The Colorado veterans hospital and Bertha, the Seattle tunnel boring machine, are sad symbols of public works incompetence. We need to be more honest from the outset of big projects—stadiums, hospital complexes, tunnels, light rail systems—in stating that they can easily run into trouble with scope, schedule or budgets.

As it is now, the media enjoy being able to harpoon the elected officials and public works agencies and contractors when, long after the fantasy budgets and schedules are first aired, the schedule and budgets run way over. 

The U.S. 183 toll lane project in Austin, for example, is already having those type of issues. The first price affixed to the job, $226 million, was generated in 2011. Texas transportation officials, after big needed scope increases and last year's contract award, have recently corrected that figure. The 2015 cost  for Texas taxpayers now turns out to be more than triple the 2011 number.

The Green Line Extension project in the Boston area, where the Massachusetts Bay Transportation Authority recently sent the contracting team and design management consultant packing, is also worth considering. It involves 4.7 miles of track and electrical works along with stations and possible complications involving the route through an urban area. 

New Approach Used

Monday-morning quarterbacks pointed out that MBTA's contracting and project-delivery method, called construction manager/general contractor, allows the contractor to provide input on design but failed to induce the contractor to limit its price.

That doesn’t account for the fact that this was a complex project being built under a delivery method chosen to speed the time to completion by starting construction before the design was done.

A light-rail system isn't a pair of pants, or an iPhone. You can tell what those will cost way ahead of time.

After awarding the main construction role to White-Skanska-Kiewit, and following some form of collaboration on the design, the contractor provided a guaranteed maximum price with a fee based on the costs and value of the work. I don't know the exact formula used to determine that fee.

Three out of the first four packages came in high, and the next and biggest one, budgeted at $347 million, appears to have been done, and possibly priced, but not awarded.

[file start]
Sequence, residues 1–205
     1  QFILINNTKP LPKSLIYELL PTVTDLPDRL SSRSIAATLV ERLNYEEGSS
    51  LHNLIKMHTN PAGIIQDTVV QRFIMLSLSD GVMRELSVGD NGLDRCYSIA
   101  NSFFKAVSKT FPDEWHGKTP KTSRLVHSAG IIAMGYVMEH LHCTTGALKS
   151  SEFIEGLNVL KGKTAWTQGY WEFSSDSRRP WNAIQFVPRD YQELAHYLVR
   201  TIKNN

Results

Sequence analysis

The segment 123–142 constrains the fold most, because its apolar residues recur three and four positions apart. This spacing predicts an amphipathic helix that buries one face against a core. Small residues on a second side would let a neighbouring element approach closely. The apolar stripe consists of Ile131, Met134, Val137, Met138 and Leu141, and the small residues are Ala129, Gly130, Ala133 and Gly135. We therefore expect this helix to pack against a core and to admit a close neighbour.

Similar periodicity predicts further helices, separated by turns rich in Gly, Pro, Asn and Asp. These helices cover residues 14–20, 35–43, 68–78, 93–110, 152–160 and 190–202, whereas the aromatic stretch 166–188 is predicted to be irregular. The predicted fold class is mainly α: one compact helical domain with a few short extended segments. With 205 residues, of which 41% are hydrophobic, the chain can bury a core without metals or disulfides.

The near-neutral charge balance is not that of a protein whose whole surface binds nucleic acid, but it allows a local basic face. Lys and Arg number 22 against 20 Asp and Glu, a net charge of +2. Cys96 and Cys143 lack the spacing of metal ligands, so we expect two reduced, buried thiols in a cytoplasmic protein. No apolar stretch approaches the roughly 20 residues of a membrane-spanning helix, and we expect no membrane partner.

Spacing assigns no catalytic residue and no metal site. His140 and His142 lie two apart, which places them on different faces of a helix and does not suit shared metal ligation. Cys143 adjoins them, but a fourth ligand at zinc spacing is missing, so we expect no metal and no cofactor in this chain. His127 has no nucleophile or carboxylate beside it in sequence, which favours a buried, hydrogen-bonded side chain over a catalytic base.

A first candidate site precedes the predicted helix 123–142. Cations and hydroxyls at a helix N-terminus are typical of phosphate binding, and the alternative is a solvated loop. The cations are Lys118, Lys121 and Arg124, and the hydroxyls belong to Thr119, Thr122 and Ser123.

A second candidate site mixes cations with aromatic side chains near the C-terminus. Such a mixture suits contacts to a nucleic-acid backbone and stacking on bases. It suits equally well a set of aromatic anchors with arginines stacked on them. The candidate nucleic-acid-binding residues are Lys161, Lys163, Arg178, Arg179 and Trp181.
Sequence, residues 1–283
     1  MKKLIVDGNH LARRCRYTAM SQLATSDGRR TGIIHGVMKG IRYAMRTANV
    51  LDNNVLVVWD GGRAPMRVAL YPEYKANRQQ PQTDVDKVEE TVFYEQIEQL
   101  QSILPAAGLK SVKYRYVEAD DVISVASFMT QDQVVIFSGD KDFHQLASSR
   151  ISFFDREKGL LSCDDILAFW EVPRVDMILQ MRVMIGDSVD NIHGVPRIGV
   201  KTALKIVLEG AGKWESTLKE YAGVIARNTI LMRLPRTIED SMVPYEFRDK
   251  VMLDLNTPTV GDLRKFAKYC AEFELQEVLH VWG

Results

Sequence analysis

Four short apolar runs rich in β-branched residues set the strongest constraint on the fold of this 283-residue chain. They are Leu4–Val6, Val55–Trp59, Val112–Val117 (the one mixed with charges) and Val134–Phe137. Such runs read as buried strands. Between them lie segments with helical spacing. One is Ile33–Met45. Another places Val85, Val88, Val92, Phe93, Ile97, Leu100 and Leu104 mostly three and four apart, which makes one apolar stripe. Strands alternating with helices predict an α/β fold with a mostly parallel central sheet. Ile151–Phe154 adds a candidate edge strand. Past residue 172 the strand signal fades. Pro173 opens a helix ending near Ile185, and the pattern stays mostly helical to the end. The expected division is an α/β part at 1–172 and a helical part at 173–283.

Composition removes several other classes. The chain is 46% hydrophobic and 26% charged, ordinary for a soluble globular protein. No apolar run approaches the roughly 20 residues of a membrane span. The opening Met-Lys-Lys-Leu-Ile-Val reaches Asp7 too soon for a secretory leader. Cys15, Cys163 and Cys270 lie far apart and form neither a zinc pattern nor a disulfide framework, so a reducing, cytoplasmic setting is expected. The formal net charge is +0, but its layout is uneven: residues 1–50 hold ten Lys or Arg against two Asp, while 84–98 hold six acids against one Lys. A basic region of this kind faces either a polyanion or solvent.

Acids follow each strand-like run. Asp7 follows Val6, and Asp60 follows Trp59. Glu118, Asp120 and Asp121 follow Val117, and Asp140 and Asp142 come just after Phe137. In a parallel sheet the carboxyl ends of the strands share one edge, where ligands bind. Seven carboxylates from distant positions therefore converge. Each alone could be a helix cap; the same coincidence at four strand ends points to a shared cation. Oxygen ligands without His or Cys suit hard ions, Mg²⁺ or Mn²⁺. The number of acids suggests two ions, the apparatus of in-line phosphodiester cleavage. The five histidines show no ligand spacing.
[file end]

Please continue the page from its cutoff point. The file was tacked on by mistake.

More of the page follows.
That’s where the sticker shock may have awakened the MBTA and state officials to the cost issue.

Hoping to work with MBTA on the project again, the chief executive of the main partner in the terminated contracting joint venture said he believes in the usefulness of the CM/GC contracting/project delivery method. And that the contracting venture worked collaboratively to build "the design provided."

In my opinion, White-Skanska-Kiewit can do no more than provide MBTA with a fig leaf.

What the fig leaf covers is some crucial backstory about why the value engineering or cuts that needed to be made hadn't been done in the collaboration phase or earlier.

MBTA could have done all public works a favor by coming out plainly and saying, if it is the case, “We had to hurry, these things are hard to build, the design was nowhere near finished, the scope not completely understood, but we needed to bring the contractor on board and start ordering long-term items and building."

Isn't that unspoken reality what actually happens so many times?

Warning Labels

We need to stick a big yellow warning label on every public works project that requires complicated permitting, right-of-way acquisition, legal entanglements, intricate mechanical and electrical packages, tunnels in urban environments, big fabricated parts with tiny tolerances, or larger numbers of skilled trades than are ordinarily available. On the label should be these words:

Danger: cost overruns and delays possible. Scope not yet fully settled. Pricing to be determined later.

As things stand now, there are more warnings about the fluctuating price of an airline ticket than on a billion-dollar public construction project.

Public officials, with the exception of New Jersey's Governor Christie and a few others, generally play down the risks because, frankly, what will be built is usually badly needed. So they exhibit the “go for it” mentality and don't quibble with the initial pricing put forward to the public. The media, including ENR, play along. The idea being that if the public was enlightened fully to the risks involved, nothing would get built.

The engineers and contractors who build for a living and live to build cheerlead the projects into their first phase, conveniently ignoring all the uncertainties that such matters involve.

Then when the projects run late and over budget, journalists pounce on the story, and the public has every right to feel betrayed.

To be sure, the Green Line extension, if finished, would improve the quality of life and air. So will the California High Speed Rail system, if that is ever fully built.

But how do we secure the public trust? More transparency, I say.

And no more fig leafs, please, from anyone.